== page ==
Tuesday, April 27, 2010

The Reader

David Kross and Kate Winslet in a scene from The Reader

"What we feel isn't important. It's utterly unimportant. The only question is what we do. If people like you don't learn from what happened to people like me, then what the hell is the point of anything?"

So says Professor Rohl (Bruno Gantz) to a young law student named Michael Berg (David Kross) near the middle of The Reader.  Yet it isn't until much later, after Michael has become an adult (and is now played by Ralph Fiennes), after his wife and he have divorced, that he follows his professor's advice, and begins telling his daughter Julia (Hannah Herzsprung) about his affair with Hanna Schmizt (Kate Winslet), and the greatest failing of his youth.

This affair is what begins the movie, as a series of flashbacks experienced by the adult Michael.  When he was fifteen, he felt sick on a bus.  A woman helps him get home after he vomits near an apartment complex.  That woman is Hanna.

He is diagnosed with scarlet fever and spends weeks recovering.  When he is well again, he brings flowers over to the complex, finds out where Hanna lives, and gives them to her as a thank you.  While waiting outside her apartment as she undresses, he peeks through the door and sees her putting on her tights.  She sees him watching her.  He runs home.

The next time he is over, he brings up coal to her apartment in a couple of buckets.  Having dirtied his face and clothes, she draws up a bath for him.  When she drapes a towel over him, she lets it drop, and he discovers that she, too, is naked.

She spends time teaching him different sexual techniques.  Then, one day, she asks him what he is reading in school.  Soon, he is bringing over his school books to read to her before they make love.  During Lady Chatterly's Lover, she mentions that what he is reading is disgusting.  When he stops, she asks, "What are you doing?  Keep reading."

Then, one day, she vanishes.  Michael doesn't meet her again until, as a law student, he attends a trial for S.S. guards.  One of the defendants is Hanna.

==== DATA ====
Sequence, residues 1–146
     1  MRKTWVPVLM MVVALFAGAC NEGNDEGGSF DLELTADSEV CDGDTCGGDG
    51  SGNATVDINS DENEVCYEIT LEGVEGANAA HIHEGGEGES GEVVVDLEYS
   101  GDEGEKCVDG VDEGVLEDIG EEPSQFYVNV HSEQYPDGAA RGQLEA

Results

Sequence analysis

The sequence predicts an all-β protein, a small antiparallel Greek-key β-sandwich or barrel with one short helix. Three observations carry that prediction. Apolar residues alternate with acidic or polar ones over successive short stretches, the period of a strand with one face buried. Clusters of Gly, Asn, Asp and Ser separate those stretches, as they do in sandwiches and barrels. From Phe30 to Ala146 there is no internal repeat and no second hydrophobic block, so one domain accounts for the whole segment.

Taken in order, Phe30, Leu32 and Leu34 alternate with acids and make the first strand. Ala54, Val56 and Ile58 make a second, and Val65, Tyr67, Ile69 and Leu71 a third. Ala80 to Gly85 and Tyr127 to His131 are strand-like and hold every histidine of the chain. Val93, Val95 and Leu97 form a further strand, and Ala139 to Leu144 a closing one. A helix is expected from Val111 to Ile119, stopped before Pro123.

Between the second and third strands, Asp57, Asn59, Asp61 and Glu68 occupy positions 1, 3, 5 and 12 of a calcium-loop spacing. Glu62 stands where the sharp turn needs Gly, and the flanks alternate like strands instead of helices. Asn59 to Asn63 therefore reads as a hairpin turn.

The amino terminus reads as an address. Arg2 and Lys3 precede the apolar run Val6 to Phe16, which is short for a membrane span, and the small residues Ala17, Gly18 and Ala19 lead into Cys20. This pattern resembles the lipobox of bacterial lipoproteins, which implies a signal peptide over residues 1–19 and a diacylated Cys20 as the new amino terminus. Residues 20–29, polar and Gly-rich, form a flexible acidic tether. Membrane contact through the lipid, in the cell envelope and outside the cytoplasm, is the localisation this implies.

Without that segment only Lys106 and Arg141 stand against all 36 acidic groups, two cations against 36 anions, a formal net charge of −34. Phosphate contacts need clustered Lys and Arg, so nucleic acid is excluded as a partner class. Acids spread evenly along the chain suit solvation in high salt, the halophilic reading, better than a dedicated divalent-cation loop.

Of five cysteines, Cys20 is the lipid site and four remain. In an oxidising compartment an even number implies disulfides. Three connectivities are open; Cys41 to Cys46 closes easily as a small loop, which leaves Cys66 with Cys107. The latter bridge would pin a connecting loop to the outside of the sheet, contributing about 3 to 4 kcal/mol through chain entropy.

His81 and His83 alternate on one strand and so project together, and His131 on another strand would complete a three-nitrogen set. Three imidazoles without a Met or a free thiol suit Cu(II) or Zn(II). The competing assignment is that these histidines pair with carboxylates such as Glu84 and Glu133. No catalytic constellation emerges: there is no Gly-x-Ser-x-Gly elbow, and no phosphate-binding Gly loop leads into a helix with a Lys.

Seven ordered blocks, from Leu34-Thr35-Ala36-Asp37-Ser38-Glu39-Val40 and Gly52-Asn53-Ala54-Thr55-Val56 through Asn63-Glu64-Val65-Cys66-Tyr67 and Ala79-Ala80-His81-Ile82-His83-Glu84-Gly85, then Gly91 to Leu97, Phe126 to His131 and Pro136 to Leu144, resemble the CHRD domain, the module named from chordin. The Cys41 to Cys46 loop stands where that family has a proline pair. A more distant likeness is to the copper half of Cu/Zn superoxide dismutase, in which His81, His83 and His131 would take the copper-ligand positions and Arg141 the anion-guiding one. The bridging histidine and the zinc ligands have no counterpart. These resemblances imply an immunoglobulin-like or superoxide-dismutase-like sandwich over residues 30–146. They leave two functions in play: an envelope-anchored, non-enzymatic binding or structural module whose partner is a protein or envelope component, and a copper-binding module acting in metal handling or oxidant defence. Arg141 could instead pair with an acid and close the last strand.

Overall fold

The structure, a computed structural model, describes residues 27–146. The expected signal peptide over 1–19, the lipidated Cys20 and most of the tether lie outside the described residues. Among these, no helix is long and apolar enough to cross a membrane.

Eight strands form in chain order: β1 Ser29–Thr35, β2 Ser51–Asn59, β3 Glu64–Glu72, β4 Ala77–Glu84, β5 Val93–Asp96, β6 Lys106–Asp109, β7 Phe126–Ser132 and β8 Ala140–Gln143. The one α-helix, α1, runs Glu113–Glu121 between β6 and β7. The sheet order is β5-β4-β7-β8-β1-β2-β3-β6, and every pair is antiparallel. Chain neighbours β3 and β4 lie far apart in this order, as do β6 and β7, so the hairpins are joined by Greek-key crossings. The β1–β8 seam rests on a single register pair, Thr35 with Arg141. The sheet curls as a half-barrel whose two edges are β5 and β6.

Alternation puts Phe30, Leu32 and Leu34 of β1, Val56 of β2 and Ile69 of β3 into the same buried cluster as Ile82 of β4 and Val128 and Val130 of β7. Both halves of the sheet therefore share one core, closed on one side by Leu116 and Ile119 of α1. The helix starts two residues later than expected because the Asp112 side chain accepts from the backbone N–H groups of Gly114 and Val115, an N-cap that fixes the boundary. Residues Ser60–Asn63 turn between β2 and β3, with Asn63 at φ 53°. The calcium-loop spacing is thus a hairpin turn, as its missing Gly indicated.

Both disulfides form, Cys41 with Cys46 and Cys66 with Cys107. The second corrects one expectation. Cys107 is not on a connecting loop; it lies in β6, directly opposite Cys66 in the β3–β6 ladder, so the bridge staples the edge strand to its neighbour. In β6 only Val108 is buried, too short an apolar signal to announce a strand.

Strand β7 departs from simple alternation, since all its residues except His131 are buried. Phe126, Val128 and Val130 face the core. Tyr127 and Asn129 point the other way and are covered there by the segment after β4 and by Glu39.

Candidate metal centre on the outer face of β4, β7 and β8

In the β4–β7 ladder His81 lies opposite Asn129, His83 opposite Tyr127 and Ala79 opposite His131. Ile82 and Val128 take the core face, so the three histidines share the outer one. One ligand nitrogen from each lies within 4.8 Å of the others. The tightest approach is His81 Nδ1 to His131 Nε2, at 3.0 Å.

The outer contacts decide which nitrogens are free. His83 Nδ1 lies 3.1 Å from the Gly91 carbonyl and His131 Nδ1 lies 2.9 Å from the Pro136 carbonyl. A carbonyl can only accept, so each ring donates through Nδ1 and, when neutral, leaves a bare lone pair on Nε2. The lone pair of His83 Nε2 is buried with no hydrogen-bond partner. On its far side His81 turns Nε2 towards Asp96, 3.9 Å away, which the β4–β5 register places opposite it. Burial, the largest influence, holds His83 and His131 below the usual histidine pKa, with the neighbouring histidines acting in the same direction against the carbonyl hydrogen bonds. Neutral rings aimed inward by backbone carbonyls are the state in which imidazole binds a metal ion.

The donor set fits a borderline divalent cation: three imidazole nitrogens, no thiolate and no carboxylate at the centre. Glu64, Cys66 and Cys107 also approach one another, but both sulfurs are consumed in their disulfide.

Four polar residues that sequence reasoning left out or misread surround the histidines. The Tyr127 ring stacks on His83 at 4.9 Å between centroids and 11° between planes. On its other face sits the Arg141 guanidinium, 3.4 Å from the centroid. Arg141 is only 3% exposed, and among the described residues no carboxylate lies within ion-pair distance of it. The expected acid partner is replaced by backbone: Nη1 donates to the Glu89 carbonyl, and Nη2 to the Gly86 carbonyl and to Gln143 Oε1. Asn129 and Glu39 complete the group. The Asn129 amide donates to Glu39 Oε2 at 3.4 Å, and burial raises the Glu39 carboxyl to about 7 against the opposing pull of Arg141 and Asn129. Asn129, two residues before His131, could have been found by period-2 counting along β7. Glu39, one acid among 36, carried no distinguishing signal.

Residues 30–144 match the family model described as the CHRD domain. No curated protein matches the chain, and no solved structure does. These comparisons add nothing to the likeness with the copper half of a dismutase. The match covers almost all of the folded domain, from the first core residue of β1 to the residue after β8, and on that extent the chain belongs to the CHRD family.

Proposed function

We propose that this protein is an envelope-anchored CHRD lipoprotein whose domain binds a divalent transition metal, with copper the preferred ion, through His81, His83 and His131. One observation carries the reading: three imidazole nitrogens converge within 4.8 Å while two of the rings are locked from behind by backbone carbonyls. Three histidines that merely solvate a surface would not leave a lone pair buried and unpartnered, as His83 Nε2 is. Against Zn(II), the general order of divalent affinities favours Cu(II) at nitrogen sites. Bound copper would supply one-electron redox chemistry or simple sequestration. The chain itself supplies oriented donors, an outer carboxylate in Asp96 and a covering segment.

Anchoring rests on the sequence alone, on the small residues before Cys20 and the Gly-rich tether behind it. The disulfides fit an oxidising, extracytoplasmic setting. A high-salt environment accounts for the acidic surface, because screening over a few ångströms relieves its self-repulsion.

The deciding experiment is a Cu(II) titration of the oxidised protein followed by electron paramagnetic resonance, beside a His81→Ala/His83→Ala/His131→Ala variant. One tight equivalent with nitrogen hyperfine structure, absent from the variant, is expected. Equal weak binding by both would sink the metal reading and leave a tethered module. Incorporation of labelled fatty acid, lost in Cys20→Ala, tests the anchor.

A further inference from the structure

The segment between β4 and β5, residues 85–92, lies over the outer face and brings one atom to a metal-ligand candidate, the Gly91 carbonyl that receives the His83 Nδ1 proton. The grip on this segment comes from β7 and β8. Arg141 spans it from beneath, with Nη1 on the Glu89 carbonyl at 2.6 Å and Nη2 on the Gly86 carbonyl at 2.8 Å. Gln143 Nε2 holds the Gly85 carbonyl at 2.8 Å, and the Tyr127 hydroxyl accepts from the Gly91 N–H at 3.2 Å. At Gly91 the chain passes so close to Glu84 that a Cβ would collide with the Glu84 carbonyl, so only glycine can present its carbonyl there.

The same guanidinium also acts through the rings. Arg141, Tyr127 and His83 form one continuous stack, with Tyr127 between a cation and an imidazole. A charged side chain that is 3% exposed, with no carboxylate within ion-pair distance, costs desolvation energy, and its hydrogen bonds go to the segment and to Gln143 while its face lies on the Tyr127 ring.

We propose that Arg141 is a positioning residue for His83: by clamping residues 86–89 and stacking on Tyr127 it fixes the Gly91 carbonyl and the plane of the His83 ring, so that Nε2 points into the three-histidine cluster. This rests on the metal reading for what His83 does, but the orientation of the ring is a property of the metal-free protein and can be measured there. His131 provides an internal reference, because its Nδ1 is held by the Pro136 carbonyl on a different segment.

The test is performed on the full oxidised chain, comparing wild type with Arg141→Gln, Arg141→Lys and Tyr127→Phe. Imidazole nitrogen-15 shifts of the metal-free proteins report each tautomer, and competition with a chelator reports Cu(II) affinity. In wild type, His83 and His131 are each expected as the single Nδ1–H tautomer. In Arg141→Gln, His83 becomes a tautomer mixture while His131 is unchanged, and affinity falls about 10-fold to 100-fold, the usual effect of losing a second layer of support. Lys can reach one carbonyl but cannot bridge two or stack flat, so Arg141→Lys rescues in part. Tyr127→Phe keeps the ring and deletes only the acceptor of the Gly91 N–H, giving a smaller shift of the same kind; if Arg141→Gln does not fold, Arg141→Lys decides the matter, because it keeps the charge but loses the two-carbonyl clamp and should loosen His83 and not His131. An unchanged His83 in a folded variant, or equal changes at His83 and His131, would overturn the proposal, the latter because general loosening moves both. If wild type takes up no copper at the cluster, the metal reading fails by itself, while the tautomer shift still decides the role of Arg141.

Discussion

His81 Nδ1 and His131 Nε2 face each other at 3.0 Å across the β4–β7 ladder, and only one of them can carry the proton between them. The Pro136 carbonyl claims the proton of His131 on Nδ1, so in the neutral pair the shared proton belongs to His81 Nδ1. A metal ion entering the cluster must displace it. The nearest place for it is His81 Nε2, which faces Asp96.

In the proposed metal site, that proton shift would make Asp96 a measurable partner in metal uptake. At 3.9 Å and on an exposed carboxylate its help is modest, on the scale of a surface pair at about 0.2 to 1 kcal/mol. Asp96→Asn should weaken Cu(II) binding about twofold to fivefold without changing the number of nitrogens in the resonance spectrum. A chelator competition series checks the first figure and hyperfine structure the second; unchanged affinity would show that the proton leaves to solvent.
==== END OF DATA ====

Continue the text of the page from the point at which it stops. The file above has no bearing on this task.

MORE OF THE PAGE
Two main themes run through this movie, though at first, neither one is apparent.  The first is learning from the past.  The second is stated most eloquently by Roger Ebert, in his fantastic review of this film.  In it, he writes:

       Many of the critics of "The Reader" seem to believe it is all about 
       Hanna's shameful secret. No, not her past as a Nazi guard. The 
       earlier secret that she essentially became a guard to conceal. 
       Others think the movie is an excuse for soft-core porn disguised 
       as a sermon. Still others say it asks us to pity Hanna. Some 
       complain we don't need yet another "Holocaust  movie." None of 
        them think the movie may have anything to say about them. 
        I believe the movie may be demonstrating a fact of human nature: 
       Most people, most of the time, all over the world, choose to go 
       along. We vote with the tribe.

Indeed, that is the point.  Hanna went along with the killing of three thousand Jews.  Michael goes along with her guilty plea, even though he knows something about her that renders her innocent of the most serious charges.  Both decisions condemn people to fates they don't deserve.  The starker example is what Hanna and her fellow guards do when the Jews are trapped in a burning barn, but is it any less wrong to punish one person unjustly, as it is to punish many?

And now we come back to the quote I started this review with.  Read it again and ask yourself: who was to blame for the Holocaust?  The Nazis?  The Germans?  Or the whole human race?


  1. I think the main point is that she's just a stupid woman. She doesn't make some choice just to be good or bad, she's just too stupid to realize that what she's doing is wrong.


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